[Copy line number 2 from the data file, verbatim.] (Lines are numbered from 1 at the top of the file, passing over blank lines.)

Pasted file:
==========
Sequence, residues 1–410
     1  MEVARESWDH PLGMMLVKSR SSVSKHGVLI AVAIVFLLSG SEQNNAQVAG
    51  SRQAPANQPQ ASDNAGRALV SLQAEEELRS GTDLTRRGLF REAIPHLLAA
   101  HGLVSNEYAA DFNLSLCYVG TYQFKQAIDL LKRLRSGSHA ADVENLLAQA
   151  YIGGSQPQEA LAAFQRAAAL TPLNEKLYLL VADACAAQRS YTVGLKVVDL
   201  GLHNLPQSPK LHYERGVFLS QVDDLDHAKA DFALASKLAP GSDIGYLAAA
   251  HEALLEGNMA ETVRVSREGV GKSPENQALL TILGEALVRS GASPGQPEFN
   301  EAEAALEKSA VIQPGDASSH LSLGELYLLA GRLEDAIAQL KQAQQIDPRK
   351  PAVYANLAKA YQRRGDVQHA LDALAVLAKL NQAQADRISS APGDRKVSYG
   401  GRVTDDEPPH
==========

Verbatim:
     1  MEVARESWDH PLGMMLVKSR SSVSKHGVLI AVAIVFLLSG SEQNNAQVAG